๐Ÿš€ Setting Up an Azure DevOps Build and Release Pipeline ๐Ÿš€

๐Ÿš€ Setting Up an Azure DevOps Build and Release Pipeline ๐Ÿš€


6 min read

In this blog post, we'll walk you through setting up an automated build and release pipeline using Azure DevOps, which will save you time and effort, and ensure consistent and error-free deployments. Let's get started with the process, step by step:

๐Ÿ—๏ธ Step 1: Build Pipeline Configuration

  1. Create a GitHub Repository:

    • If you haven't already, create a new GitHub repository or use an existing one to host your source code.

    • COPY

  2. Create a Build Pipeline in Azure DevOps:

    • Navigate to the Pipelines tab in your Azure DevOps project.

    • Click on "Create Pipeline."

    • Choose your GitHub repository as the source for the pipeline.

  3. Select the GitHub Repository:

    • Azure DevOps will redirect you to GitHub to select the repository you want to use.

    • After selecting the repository, click "Install" to grant Azure DevOps access to it.

  4. Modify the YAML as Needed:

    • If the auto-detected YAML meets your requirements, you can leave it as it is.

    • If you need to modify the pipeline steps, triggers, or other configurations, make the necessary changes in the YAML.


          # Maven
          # Build your Java project and run tests with Apache Maven.
          # Add steps that analyze code, save build artifacts, deploy, and more:
          # https://docs.microsoft.com/azure/devops/pipelines/languages/java
          #new line for CI test
          - master
            vmImage: ubuntu-latest
          - task: Maven@3
              mavenPomFile: 'pom.xml'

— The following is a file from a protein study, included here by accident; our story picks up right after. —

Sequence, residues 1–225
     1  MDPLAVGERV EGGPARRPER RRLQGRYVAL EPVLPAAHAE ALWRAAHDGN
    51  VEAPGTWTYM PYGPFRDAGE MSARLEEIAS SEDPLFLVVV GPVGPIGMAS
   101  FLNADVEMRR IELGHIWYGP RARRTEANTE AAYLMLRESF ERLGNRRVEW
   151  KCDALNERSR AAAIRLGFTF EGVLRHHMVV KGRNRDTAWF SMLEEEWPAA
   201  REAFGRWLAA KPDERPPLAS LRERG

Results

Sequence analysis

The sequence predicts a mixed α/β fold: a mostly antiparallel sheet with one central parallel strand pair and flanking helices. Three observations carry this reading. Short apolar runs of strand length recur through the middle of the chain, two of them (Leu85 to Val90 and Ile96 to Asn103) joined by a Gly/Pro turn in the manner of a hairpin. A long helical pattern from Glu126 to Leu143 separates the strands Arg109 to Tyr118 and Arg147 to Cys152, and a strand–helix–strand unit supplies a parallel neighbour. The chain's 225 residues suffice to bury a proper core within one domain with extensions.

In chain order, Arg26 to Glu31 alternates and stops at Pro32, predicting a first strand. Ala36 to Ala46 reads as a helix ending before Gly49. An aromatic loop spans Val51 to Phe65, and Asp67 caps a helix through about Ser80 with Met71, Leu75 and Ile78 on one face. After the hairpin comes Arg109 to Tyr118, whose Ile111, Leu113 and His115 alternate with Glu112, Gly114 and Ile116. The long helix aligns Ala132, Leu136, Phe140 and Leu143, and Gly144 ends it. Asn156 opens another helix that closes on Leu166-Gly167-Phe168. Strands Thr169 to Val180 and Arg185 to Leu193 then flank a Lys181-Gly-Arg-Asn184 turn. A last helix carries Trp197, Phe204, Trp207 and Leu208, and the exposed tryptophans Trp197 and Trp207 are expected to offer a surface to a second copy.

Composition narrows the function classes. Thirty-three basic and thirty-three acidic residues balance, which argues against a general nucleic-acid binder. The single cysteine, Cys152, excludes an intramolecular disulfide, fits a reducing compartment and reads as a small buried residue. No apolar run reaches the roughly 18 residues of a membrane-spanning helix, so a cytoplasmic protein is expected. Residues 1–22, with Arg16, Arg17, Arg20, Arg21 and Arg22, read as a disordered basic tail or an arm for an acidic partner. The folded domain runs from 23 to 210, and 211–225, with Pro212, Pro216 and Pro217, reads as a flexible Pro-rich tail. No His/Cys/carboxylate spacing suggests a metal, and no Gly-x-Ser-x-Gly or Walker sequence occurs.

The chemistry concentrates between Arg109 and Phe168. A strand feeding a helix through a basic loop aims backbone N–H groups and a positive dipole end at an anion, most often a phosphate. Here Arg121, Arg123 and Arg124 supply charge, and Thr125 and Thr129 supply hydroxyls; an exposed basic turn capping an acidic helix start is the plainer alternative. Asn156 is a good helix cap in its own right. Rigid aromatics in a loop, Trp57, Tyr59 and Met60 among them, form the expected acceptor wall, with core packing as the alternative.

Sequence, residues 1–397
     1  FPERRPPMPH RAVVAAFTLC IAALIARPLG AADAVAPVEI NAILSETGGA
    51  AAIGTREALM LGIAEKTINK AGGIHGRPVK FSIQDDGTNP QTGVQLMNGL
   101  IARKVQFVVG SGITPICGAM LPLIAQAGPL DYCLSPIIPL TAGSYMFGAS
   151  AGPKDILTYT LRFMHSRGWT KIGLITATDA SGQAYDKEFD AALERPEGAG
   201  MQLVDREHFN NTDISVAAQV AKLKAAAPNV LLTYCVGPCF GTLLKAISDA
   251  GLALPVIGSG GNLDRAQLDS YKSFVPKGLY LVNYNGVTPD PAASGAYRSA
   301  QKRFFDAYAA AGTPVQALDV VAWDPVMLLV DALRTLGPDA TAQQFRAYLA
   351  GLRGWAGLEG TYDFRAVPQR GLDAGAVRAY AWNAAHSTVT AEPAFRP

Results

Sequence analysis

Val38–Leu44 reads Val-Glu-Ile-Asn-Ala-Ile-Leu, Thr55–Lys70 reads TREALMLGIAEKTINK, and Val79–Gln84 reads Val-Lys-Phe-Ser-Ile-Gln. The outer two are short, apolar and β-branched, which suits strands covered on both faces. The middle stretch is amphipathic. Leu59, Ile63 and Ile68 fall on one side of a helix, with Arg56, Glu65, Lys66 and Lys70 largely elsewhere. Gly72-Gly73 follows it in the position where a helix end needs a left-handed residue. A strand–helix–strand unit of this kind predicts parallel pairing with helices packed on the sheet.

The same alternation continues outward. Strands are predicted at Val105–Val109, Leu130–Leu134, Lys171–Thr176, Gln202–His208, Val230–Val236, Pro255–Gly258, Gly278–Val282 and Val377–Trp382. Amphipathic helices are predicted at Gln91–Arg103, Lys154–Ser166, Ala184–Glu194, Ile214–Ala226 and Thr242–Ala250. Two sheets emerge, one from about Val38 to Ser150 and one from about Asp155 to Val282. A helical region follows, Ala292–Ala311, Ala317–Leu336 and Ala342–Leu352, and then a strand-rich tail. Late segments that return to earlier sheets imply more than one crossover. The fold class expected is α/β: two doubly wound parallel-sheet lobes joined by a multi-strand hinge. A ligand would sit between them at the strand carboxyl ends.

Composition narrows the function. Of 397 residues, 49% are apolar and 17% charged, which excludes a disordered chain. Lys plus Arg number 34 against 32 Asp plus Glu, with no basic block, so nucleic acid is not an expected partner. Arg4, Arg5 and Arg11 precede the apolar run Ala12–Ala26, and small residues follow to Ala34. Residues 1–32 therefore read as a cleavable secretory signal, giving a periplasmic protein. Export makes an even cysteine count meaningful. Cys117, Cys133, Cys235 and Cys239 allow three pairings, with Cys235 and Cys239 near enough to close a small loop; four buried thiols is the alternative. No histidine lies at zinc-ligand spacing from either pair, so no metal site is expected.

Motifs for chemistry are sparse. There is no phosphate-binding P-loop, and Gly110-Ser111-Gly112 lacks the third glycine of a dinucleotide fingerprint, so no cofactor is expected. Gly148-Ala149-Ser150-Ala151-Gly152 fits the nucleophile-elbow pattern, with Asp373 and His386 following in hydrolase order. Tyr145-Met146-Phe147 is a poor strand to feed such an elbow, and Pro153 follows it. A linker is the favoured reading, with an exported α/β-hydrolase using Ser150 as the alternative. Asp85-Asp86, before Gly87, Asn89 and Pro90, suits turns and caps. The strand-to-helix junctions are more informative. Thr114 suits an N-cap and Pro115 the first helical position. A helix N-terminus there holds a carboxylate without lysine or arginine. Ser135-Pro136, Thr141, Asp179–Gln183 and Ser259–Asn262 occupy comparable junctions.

mavenOptions: '-Xmx3072m'
              javaHomeOption: 'JDKVersion'
              jdkVersionOption: '1.8'
              jdkArchitectureOption: 'x64'
              publishJUnitResults: true
              testResultsFiles: '**/surefire-reports/TEST-*.xml'
              goals: 'package'
          - task: CopyFiles@2
              Contents: '**/*.war'
              TargetFolder: '$(build.artifactstagingdirectory)'
          - task: PublishBuildArtifacts@1
              PathtoPublish: '$(Build.ArtifactStagingDirectory)'
              ArtifactName: 'webapp'
              publishLocation: 'Container'

Monitor the Pipeline Run:

  • After triggering the pipeline, you can monitor its progress in real-time.

  • The pipeline run view will show you the individual steps being executed, their status, and any potential errors or failures.

โš™๏ธ Step 2: Create the App Service

  1. Click on "Create a resource" again, but this time, search for "App Service" in the search bar. Click on the "App Service" option from the results and then click the "Create" button.

  2. In the "Create App Service" form, you'll need to provide some essential details:

  3. Review and Create: Double-check all your settings on the "Review + create" page. If everything looks good, click on the "Create" button to start the deployment process.

  4. Once the deployment is successful, navigate to your App Service from the Azure portal. You will find the URL to access your app service, usually in the format "yourappname.azurewebsites.net."

โš™๏ธ Step 3: Release Pipeline Configuration

  • In the Azure DevOps portal, click on "Releases" and then "New pipeline."

  • Choose a template that best suits your application, or you can start with an "Empty job" for more customization.

  • In this step, you can add stages to the release pipeline, such as "Dev," "QA," and "Production." These stages represent the different environments to which your application will be deployed.